But perhaps my use of “permanent” to describe military rule in Burma, while an objectively fair assessment, was the cruel diagnosis of an armchair critic from a distance; a slap in the face to the people who actually have to live through the nightmare. The millions of Burmese citizens who have turned out in the streets for mass demonstrations certainly don’t think dictatorship is permanent; nor do they have any intention of just lying down and letting their votes be treated with such contempt. But they also know their history, and the ominous signs of crackdown are always plain to see. As of this writing, demonstrations have been met with water cannons and tear gas; in Naypyidaw, a young woman named Mya Thweh Thweh Khine remains in critical condition after being shot in the head. The coup leaders have also checked off another time-honoured strategy in their playbook by raiding NLD offices. What the Tatmadaw does next is anyone’s guess, but historical precedent has given them good reason to be confident. Economic sanctions by Western nations have never stopped them, and they don’t seem all that worried by the prospect of international companies pulling out, either. But the new U.S. government of President Joe Biden is hoping that targeting the generals’ assets will make a bigger difference than imposing blanket sanctions, which only hurt the economy and the Burmese people.
Messing with the wrong generation
There are big differences between the anti-coup demonstrations of 2021 and those of 1988 and 1962, the public protests of the 2007 “Saffron Revolution,” and the 1974 riots surrounding U Thant’s public funeral. During the first two military takeovers, and in the tug-of-war to decide the burial location for the late United Nations secretary-general, there was no Internet to reveal army atrocities; international phone connections were spotty and unreliable. In those cases, the Tatmadaw opened fire on protesters and brutalized the population at will, consequence-free. In 2007, Twitter did not exist and Facebook had yet to take hold in a country where few people had computers or cell phones. So when demonstrations got too large, the generals simply shut down the Internet and began the slaughter, even killing Buddhist monks.
When this year began, the Tatmadaw was facing a citizenry that had been living for ten years in an open society with more freedoms, more consumer goods, and more access to information than ever. According to the last census taken in 2014, fifty-six per cent of Burma’s population was under the age of thirty. For a large portion of the young adult population, the November elections were the first time they’d ever voted: in choosing to re-elect the NLD, they acted with a much greater sense of entitlement than the beaten-down citizenry who had cast their votes in 1990 after twenty-eight years of dictatorship and two years of SLORC brutality. With access to computers, I- phones, and social media accounts, today’s young people, Generation ‘Z’, are tech-savvy and know how to circumvent government censorship. When the junta responded to the first acts of civil disobedience by shutting down mobile Internet and broadband services, the people simply turned to virtual private networks and international SIM cards. And so, even as Suu Kyi and her fellow detainees remain in the dark, cut off from the outside world, the Burmese people remain in the light, defying the coup and keeping the information flowing.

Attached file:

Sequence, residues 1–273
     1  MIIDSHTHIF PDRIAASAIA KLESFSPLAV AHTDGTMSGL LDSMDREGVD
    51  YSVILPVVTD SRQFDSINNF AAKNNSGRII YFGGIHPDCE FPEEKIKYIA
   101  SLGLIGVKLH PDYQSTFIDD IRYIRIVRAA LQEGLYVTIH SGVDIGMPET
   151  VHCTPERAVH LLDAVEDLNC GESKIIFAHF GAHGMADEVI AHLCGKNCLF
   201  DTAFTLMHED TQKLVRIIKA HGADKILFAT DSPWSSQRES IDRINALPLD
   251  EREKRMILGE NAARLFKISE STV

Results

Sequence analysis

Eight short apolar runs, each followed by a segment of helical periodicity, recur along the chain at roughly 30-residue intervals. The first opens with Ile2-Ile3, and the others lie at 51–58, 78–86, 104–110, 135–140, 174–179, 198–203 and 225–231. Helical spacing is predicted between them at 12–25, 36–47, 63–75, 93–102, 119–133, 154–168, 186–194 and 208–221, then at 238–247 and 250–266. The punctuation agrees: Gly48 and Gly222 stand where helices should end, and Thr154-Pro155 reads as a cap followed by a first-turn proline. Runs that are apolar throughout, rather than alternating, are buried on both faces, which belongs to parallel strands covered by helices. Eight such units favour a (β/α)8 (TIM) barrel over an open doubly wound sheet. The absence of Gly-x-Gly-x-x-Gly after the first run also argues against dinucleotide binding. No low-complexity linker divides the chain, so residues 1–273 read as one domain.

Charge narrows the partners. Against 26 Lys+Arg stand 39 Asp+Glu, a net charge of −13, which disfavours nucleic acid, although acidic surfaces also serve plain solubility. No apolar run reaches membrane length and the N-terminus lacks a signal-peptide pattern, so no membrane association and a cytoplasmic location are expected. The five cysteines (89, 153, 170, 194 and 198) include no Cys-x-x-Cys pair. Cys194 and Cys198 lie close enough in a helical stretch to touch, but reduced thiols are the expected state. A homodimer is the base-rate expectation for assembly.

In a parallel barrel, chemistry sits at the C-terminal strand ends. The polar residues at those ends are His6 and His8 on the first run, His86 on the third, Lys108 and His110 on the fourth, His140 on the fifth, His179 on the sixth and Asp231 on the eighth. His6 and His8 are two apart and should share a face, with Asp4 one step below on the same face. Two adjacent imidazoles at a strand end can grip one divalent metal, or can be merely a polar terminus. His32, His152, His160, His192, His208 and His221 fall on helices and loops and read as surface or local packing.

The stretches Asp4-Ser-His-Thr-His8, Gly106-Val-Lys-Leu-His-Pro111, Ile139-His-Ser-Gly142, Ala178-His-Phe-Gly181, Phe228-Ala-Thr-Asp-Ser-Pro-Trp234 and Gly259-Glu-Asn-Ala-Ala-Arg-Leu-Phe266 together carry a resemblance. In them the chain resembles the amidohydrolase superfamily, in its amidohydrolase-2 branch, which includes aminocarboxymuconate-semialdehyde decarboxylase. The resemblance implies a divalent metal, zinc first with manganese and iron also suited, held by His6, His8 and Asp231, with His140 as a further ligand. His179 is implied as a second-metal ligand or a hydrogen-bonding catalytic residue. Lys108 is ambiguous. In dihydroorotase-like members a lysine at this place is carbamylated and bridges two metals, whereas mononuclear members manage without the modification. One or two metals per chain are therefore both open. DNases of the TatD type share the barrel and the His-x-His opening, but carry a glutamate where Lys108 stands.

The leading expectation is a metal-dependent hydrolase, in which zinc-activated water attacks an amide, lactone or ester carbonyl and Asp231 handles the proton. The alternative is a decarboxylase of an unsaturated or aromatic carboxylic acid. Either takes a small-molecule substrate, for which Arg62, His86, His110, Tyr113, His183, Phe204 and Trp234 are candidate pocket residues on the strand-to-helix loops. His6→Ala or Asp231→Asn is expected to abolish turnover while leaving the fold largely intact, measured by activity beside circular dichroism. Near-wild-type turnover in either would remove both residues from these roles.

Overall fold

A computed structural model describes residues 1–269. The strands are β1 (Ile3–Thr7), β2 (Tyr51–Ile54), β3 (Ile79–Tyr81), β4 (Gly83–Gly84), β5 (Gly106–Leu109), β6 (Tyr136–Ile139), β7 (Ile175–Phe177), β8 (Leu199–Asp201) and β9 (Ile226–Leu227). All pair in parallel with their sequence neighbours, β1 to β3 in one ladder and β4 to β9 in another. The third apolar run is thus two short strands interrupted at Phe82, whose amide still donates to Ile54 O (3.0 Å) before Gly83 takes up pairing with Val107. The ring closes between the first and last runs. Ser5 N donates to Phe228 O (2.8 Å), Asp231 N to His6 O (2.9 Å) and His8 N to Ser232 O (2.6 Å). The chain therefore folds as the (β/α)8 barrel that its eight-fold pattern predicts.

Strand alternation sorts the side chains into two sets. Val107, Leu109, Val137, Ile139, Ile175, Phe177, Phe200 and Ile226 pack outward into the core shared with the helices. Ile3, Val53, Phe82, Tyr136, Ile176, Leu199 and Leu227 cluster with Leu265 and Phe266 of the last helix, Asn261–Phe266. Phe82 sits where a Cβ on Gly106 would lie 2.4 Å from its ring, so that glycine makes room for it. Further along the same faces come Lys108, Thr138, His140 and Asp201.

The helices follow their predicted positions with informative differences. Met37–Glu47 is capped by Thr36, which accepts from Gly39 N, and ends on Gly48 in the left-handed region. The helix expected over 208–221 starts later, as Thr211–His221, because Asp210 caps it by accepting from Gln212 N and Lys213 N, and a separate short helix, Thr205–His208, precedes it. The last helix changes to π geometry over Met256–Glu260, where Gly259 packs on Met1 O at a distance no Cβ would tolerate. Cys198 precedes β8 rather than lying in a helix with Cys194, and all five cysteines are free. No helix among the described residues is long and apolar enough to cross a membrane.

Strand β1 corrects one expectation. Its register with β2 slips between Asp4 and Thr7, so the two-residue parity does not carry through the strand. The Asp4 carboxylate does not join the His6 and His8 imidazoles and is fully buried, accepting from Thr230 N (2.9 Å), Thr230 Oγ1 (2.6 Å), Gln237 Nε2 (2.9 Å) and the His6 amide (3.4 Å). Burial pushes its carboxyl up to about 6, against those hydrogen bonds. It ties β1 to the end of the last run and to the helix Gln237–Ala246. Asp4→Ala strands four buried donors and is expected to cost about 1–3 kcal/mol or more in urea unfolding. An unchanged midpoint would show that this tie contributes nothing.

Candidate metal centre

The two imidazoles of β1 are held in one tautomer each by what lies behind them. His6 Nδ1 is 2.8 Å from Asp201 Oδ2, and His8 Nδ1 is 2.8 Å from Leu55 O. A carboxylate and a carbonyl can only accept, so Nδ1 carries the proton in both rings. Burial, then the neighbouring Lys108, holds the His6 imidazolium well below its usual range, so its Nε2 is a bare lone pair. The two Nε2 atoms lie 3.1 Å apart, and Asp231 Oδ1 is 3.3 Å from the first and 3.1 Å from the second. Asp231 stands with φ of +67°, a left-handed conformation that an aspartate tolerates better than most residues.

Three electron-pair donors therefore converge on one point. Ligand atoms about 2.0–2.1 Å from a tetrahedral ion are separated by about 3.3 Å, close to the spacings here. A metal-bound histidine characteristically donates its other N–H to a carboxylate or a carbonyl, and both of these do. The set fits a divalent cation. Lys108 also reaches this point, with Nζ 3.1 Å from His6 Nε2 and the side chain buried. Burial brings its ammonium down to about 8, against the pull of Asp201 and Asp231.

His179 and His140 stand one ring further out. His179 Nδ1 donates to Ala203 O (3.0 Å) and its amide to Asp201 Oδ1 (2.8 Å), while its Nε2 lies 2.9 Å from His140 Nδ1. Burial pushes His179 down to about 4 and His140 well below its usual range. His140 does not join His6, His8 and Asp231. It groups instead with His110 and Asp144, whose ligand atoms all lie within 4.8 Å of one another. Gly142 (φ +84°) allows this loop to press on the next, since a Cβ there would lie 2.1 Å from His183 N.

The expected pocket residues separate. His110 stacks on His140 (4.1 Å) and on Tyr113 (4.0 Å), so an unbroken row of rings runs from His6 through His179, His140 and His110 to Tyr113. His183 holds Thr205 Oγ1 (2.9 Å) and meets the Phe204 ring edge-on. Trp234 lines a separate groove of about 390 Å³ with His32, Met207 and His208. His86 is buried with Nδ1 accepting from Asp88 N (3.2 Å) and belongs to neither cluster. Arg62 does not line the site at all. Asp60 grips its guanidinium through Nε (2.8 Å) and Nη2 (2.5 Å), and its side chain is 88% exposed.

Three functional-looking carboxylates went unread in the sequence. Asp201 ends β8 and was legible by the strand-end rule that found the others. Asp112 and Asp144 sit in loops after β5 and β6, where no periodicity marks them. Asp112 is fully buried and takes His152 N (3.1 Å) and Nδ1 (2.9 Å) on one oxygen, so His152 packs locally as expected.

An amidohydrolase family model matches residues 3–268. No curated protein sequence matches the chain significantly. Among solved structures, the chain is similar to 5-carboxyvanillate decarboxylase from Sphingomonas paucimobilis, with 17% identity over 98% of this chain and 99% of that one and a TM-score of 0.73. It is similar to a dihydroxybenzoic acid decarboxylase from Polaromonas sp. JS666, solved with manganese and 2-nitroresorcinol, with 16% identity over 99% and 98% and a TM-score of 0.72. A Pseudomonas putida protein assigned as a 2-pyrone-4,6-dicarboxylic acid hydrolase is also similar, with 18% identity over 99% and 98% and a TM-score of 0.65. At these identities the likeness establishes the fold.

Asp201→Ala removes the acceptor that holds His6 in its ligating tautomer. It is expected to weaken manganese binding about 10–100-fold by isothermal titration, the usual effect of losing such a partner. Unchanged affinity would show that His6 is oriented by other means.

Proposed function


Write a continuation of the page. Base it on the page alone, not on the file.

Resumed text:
Another big difference is in the composition and strategy of the demonstrations. In the old days, single rallies were held in prominent locations of every city or village, their predictable format and route maps making them easy targets for government crackdown. This year’s demonstrations have been held in multiple locations in every community, with large numbers of participants in each place, their broad distribution and diffuse energy making the protests harder for state authorities to contain. Rotating strikes have been held by doctors, lawyers, engineers and other public servants, and when demonstrators aren’t fighting back against police, they’re asking them to drop their weapons and join the movement—which forty police officers in Kayah State just did.